With a triple dose of lemon (in the cake, glaze and icing), this Ridiculously Easy Lemon Buttermilk Cake is also ridiculously delicious, definitely a lemon lover's dream come true!
It seems the lemon is a universally beloved flavor that's in season all year long. This Ridiculously Easy Lemon Buttermilk Cake boasts a triple dose of vibrant lemon flavor - there's lemon zest in the cake, a light lemon glaze that's brushed on the cake after it emerges from the oven and, the crowning glory... a creamy, dreamy lemon buttercream.
The wonderful thing about this Lemon Buttermilk Cake is that it comes together quickly with just one bowl and no mixer necessary. The glaze and buttercream are also super simple and don't require a mixer or any fancy equipment.
An old friend
If you read through this Lemon Buttermilk Cake recipe you might feel like it's vaguely familiar. If you've made our Vanilla Malt Cake with Robin's Egg Buttercream, it's the same wonderful recipe just dressed up with new clothes... lemon clothes! I love this buttermilk cake recipe, adapted from the cookbook, Snacking Cakes, by
It's a super versatile cake recipe that can go in so many directions. This time I added fresh lemon zest to the cake batter, a lemon glaze that's brushed on after baking and a fabulous lemon buttercream that seals the deal!
Don't be surprised if you see it again in the future - with a brand-new personality!
Edible flowers are a fun and beautiful way to decorate cakes, tarts, salads, soups, appetizers... They make everything look really special, even if you're like me and don't have any fancy decorating skills! There are lots of edible flowers to choose from. You may have some growing in your own yard. Here's a list of the more common ones, courtesy of Gardener's Supply:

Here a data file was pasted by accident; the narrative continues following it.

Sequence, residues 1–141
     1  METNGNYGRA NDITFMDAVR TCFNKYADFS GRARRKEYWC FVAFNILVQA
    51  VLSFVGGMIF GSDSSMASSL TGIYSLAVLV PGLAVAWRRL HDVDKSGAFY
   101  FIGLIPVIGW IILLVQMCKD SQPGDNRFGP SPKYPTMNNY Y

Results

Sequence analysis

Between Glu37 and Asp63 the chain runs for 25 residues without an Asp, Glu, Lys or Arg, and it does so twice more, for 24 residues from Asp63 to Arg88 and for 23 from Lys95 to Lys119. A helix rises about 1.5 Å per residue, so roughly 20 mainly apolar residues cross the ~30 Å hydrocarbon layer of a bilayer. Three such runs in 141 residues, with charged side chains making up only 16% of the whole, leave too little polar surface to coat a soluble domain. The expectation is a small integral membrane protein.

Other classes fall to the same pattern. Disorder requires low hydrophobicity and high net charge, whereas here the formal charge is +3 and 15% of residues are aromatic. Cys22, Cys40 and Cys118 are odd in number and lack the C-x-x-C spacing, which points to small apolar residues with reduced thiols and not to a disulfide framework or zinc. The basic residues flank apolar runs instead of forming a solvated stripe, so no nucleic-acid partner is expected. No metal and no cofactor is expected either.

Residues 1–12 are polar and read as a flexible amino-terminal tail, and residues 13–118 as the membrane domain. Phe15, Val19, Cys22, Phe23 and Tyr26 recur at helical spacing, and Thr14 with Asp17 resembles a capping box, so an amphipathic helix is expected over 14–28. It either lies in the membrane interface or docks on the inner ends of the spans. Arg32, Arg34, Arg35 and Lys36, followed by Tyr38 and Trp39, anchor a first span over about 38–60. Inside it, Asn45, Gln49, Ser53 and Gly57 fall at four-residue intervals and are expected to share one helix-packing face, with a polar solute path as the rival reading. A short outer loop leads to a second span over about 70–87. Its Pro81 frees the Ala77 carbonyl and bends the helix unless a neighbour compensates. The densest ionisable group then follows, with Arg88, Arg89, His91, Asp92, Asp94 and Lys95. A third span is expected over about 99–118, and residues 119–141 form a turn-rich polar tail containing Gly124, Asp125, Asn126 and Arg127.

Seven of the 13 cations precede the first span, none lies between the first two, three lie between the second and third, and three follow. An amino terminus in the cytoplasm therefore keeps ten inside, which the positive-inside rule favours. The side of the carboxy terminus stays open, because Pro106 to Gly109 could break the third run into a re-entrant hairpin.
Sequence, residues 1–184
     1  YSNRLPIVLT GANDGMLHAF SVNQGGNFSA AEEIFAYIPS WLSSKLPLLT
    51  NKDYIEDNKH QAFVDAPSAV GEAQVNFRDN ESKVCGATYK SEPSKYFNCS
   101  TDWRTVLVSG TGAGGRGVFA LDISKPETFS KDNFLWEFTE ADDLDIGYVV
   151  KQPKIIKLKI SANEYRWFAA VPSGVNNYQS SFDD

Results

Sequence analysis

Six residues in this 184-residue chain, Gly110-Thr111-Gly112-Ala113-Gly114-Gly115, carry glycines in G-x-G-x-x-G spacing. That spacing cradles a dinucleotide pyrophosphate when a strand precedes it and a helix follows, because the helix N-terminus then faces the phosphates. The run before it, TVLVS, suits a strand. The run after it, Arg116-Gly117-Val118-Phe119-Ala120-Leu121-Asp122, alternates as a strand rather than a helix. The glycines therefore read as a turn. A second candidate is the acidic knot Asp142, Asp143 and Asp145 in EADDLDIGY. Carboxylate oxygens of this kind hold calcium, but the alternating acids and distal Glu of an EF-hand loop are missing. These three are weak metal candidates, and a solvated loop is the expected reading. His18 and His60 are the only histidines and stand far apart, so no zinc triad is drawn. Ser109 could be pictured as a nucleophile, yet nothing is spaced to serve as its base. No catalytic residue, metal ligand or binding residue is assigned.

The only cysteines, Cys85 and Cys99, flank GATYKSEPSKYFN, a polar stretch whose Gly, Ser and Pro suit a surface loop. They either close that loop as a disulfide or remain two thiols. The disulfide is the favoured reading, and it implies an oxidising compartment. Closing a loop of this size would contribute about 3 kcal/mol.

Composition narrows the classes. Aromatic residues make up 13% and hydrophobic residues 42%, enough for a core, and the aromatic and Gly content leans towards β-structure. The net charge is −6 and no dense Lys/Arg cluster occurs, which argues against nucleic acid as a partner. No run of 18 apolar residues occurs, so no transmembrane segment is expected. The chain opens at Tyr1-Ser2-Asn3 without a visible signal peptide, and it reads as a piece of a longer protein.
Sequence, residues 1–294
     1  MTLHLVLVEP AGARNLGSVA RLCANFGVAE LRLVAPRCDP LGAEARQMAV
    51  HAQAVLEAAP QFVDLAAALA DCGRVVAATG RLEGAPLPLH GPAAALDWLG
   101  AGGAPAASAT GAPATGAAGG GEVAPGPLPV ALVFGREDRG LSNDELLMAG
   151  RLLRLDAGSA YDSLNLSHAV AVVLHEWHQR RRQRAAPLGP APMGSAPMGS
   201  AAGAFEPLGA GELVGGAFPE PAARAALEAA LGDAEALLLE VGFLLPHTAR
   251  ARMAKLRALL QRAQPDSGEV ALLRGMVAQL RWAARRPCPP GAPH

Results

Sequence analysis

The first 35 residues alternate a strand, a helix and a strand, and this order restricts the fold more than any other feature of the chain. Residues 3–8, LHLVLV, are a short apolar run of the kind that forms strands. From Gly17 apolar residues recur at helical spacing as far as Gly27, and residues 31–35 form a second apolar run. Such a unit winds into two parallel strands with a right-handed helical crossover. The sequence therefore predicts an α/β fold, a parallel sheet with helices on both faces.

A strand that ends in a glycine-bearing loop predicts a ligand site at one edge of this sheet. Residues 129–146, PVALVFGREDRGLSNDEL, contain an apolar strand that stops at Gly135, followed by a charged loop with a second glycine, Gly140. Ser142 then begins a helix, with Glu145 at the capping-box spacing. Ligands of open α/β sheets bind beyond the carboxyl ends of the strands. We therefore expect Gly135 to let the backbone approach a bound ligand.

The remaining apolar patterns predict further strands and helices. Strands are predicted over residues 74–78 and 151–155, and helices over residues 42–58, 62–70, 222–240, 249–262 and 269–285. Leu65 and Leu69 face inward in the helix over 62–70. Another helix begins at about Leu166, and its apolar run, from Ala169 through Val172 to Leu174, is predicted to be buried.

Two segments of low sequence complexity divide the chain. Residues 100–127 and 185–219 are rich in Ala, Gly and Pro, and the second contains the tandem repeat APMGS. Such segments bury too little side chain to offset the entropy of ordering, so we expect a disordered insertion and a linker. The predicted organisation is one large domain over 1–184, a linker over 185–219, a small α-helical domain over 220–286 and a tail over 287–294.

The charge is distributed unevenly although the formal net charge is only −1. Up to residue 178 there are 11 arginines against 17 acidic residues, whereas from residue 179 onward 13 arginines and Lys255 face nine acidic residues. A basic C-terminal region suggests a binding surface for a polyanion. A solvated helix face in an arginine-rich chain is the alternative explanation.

- Alliums. Chives, leeks and garlic are all delicious in green salads, potato and pasta salads and dips. Remove the central stem from the flower cluster to release the separate florets.
- Nasturtiums. Blossoms have a peppery flavor like watercress. All colors and varieties are tasty in salads or as garnishes. Leaves can be eaten, too.
- Marigolds. Use the tiny flowers of signet marigolds, such as Lemon Gem and Tangerine Gem. Their blossoms have a citrus taste.
- Pansies and Johnny jump-ups. These flowers have a wintergreen flavor and are pretty on cakes and other desserts. Glaze with warmed jelly for a jeweled look.
- Calendula. An easy and prolific edible flower that's easy to grow from seed right in the garden. Separate the petals from the center of the flower and sprinkle the petals into salads. Colors range from pure yellow to orange and red. Remove spent flowers and the plants will bloom continuously from early summer into late fall.
- Anise hyssop. If you like anise, this is the edible flower for you. Separate the florets and add them to sweet or savory dishes. Or use the full flowers to garnish a cheese plate.
- Honeysuckle. The blossoms make a pretty addition to salads. Don't use the berries; they're poisonous.
- Scarlet runner beans. Mix these bright-red flowers into salads, or with steamed veggies.
- Borage. This fuzzy-leaved herb has sky-blue flowers with a light cucumber taste. Add to fruit salads, green salads or freeze in ice cubes for cold drinks.
- Bee balm. This member of the mint family has minty-tasting flowers. Colors range from bright red to purple and pink.
- Chamomile. English chamomile has small, daisy-like flowers with an apple-like flavor. If you're allergic to ragweed, you might want to avoid chamomile.
- Daylily. Daylily buds and flowers taste a bit like asparagus. They can be used as a garnish or can be stuffed or made into fritters. Good in stir-frys, too.
- Mint. Like bee balm, all flowers of the mint family are edible and have a pleasant taste. Try lemon balm or spearmint in iced tea.
- Squash blossoms. Use these as you would daylilies (see above).